Bethsaida, day four. Lesson planning.

I have been at the Bethsaida Secondary School for Girls for four days. I still feel a little lost, but am starting to find a niche for myself.

Friday morning, I met the headmistress. I was shown into her office, where she sat at her desk, preparing a lesson, receiving guests, issuing orders and a hundred other things, yet she graciously made time for me as well.

Headmistress Maristella is a thin woman, with close-cropped hair, large brown eyes and strong facial features. She was wearing a light brown printed blouse, with a wide open collar that kept slipping over her right shoulder.She was poised and confident and very smart. Beautiful, but not in a conventional way. Though she was sitting, I guessed she would be rather tall. (I guessed correctly, though due to problems with her right leg, she walks slowly and somewhat hunched, and thus looks smaller when standing.)

I proceeded to tell her who I was, how long I was staying and what I could offer – essentially that while I have some very specific skills they may find helpful, I am also willing to do anything that might need me to do. She immediately suggested I join the Form I Biology class, to see what they were studying, and meet the girls and their teacher. So I did. (And discovered I do not miss high school lectures. At all.)

Each night from 8:00 to 10:15, the girls are in their classrooms, studying and completing assignments. And so I am there, too, to answer questions and assist in any way I can. So far I have helped with calculating densities, explaining elements, compounds and mixtures, describing the theory of human evolution, and solving quadratic equations. I have also typed tests and made photocopies.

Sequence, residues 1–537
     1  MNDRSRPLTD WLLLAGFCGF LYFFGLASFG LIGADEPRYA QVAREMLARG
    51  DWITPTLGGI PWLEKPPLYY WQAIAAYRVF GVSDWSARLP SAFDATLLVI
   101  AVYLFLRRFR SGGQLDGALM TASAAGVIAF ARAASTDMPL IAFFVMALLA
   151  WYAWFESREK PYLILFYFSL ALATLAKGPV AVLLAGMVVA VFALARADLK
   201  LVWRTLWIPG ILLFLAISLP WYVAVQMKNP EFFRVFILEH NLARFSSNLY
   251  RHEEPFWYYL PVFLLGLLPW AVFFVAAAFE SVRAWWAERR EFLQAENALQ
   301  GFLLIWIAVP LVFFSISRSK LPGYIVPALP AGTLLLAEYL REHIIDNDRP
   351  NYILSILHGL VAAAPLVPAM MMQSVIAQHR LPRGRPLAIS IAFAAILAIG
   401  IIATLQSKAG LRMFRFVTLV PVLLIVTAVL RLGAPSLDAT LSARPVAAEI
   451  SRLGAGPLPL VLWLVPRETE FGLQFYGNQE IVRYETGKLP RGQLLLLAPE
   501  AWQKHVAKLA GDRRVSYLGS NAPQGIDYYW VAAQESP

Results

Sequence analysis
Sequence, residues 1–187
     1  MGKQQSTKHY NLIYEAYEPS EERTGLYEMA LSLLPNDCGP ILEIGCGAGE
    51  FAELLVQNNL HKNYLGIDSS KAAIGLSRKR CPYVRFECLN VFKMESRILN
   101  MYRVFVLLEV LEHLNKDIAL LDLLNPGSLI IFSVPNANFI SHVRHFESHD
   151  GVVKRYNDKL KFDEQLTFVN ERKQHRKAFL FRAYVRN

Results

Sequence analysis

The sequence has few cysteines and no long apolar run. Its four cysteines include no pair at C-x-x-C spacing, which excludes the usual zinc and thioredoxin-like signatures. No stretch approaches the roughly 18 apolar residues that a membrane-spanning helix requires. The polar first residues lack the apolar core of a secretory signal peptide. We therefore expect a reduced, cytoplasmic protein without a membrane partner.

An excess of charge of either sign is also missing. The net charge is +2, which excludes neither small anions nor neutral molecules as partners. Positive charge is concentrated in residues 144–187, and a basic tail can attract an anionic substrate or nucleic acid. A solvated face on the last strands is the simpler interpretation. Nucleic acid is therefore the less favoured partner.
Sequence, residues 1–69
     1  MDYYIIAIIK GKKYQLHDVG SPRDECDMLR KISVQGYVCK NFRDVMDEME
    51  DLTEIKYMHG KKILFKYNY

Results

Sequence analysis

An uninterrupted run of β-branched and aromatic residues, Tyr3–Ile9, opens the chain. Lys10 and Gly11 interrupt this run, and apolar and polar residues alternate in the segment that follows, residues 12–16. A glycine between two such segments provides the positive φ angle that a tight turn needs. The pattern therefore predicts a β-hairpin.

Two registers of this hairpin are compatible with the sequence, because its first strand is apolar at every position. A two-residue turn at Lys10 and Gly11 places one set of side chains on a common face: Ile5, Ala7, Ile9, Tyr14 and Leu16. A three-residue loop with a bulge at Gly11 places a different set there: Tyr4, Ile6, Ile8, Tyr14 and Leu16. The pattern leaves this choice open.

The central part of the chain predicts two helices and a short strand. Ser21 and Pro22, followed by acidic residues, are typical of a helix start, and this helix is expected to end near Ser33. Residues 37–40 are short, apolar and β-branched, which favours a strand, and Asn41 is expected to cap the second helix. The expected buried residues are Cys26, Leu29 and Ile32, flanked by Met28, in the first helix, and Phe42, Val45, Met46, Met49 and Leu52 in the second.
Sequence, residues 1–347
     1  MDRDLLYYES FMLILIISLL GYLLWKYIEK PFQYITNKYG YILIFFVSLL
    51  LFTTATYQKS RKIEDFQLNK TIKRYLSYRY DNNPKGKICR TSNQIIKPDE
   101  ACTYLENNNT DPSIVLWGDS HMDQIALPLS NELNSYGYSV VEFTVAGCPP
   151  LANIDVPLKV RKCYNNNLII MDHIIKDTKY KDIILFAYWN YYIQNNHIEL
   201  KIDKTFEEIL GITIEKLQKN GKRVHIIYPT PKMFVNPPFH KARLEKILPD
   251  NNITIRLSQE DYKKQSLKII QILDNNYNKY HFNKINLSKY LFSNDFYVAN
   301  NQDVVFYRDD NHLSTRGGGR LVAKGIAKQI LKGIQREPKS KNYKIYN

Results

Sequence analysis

Tomorrow, I will be taking over two of the headmistress’ English classes, while she is in town on business. The first class (7:30 to 8:50) is Form IV (highest grade at Bethsaida – approx. equivalent to grade 10). I don’t have much to do – just pass out a test for them, supervise as they write it, and correct when they are done.

Then in the afternoon, I have the Form II class, and will be teaching them about direct and indirect speech, which as a native English speaker I admit I could not define before I read the lesson. (If you are wondering) it involves reporting on what someone else has said. Direct speech is simply quoting exactly what was said. Straightforward. Indirect is far more complicated. Reporting what was said without quoting, and all the changes in verb tense, and changes in adjectives and adverbs. There is a huge list of rules that I had never even considered. I just know how it is done. It seems easy – though the two German volunteers here say they found it very challenging when learning English, and the girls here struggle with it.

Fun. The first test of my teaching skills. Wish me luck.

*Bethsaida follows the standard Tanzanian curriculum structure, preparing its students in Forms I, II, III and IV to take the national “O Level” exams at the completion of their Form IV year. Two additional years following Form IV – namely Forms V and VI – are required to take the advanced “A Level exams”, prerequisites for attending university in Tanzania.